Longtime password management software company LastPass is rolling out a new, native Mac application this morning, which will offer users more native integration on OS X, while also introducing a number of new features, including instant logins, the ability to run security checks on your online accounts, and a fast search function.
With data breaches becoming par for the course, it seems, there’s renewed interest from mainstream web users in increased password security and other protections. (Well, some users that is.) A handful of software makers serve this market with desktop, mobile and browser-based applications that let you set secure passwords, quickly change them following a breach or hack, and store other personal information needed for filling out online forms.
Apps like Dashlane, LastPass, 1Password and others are now often some of the first to get installed on users’ new computers or mobile devices, as consumers become increasingly aware of the threat hackers pose, even though, ironically, some of the most high-profile data breaches as of late, like those at Target, Staples and Home Depot, took place at stores’ point-of-sale, not online.
However, the news coverage of the hacks has helped raise awareness about data security in general, and security software makers have benefitted.
The major players are now in an arms race to one-up each other with feature additions, too. For instance, LastPass and competitor Dashlane on the same day rolled out security enhancements to their programs that allow users to automatically reset compromised passwords across a number of websites at one time.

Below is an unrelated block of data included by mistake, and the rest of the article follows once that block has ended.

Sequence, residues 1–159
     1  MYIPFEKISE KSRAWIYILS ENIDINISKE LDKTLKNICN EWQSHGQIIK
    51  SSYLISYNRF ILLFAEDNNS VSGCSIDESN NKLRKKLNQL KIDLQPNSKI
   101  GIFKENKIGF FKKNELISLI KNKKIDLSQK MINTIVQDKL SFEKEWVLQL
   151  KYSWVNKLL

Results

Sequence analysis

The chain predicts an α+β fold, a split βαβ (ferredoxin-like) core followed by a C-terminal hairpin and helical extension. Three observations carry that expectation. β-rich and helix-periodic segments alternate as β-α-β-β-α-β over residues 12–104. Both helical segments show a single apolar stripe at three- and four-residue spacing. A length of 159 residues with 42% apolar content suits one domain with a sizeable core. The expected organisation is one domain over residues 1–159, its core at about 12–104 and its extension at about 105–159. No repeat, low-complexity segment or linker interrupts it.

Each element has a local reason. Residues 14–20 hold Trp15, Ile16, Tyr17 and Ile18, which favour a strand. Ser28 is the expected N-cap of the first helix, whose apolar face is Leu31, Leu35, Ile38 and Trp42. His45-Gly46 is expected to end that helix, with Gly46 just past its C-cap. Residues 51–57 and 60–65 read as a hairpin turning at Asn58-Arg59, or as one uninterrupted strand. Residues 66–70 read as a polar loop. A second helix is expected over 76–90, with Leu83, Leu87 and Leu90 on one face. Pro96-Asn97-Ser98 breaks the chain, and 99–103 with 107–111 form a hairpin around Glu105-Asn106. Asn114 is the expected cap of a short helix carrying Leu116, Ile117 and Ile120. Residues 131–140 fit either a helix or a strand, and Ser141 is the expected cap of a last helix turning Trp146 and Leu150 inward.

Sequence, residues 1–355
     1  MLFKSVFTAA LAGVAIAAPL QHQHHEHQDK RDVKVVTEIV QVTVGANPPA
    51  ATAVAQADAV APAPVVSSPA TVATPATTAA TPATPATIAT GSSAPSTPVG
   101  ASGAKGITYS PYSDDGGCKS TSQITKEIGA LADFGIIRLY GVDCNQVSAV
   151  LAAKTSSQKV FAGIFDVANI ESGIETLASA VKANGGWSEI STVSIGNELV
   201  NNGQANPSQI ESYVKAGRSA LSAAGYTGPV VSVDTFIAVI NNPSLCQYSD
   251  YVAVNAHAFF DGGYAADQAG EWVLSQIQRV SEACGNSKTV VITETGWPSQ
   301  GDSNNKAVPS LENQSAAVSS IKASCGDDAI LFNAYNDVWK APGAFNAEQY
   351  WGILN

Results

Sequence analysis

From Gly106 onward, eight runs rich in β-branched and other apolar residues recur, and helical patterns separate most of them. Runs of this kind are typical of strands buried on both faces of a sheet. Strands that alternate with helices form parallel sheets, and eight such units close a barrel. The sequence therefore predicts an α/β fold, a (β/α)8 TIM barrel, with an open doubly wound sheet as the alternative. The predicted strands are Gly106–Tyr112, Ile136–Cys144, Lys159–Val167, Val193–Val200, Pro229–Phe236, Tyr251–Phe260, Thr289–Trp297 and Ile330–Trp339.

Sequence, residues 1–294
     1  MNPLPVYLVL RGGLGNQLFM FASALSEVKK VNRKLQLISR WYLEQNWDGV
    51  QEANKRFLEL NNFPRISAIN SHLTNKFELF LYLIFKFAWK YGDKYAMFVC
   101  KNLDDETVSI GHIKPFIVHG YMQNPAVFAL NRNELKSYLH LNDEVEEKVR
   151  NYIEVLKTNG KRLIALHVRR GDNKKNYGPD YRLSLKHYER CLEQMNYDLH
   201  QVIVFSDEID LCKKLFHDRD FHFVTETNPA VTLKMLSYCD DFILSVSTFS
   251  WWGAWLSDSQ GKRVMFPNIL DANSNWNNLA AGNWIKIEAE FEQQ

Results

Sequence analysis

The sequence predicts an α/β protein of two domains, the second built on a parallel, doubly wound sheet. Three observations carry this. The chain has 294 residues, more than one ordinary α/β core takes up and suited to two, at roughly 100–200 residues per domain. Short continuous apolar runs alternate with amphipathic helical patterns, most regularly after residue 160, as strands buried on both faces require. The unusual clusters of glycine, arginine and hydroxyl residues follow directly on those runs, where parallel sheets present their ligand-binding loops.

Today, LastPass is adding several other additions to its newly launched Mac OS X software, also designed to help it better compete with others in this space.
“Quick Search,” a new option that lets users easily search for a website or keyword to retrieve their logins or secure notes, is one of the most notable of the new features. Users can then launch that website in their preferred browser, and LastPass will automatically fill in the user name and password, and automatically log them into the website.
A keyboard shortcut is also available, making the process more deeply integrated with the Mac OS X operating system.
Another new addition, “Security Check,” is a tool that gives LastPass Mac users a way to quickly determine if all their online accounts have strong enough password security. If some don’t, LastPass can help you quickly correct that.
The upgraded Mac also lets users store logins, passwords, IDs, credit cards and other important data in a “vault,” allowing customers to have secure local access to their sensitive information. The ability to call this information up without relying on an internet connection as before, via LastPass’s web browser extensions, is a huge improvement over its earlier software, and makes the software a more viable alternative to apps like Dashlane and 1Password, both of which previously had native Mac applications available.
The new app will roll out to the Mac App Store today, and will sync with its iOS counterpart. The service is free to use (ad-supported), but users can choose to upgrade for a $12 annual subscription, which includes tech-support and multi-factor authentication.